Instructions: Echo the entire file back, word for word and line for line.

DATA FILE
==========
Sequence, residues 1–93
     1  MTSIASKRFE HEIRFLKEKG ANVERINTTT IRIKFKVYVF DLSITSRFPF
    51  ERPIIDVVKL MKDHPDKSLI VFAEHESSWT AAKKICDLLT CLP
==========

Sequence, residues 1–93
     1  MTSIASKRFE HEIRFLKEKG ANVERINTTT IRIKFKVYVF DLSITSRFPF
    51  ERPIIDVVKL MKDHPDKSLI VFAEHESSWT AAKKICDLLT CLP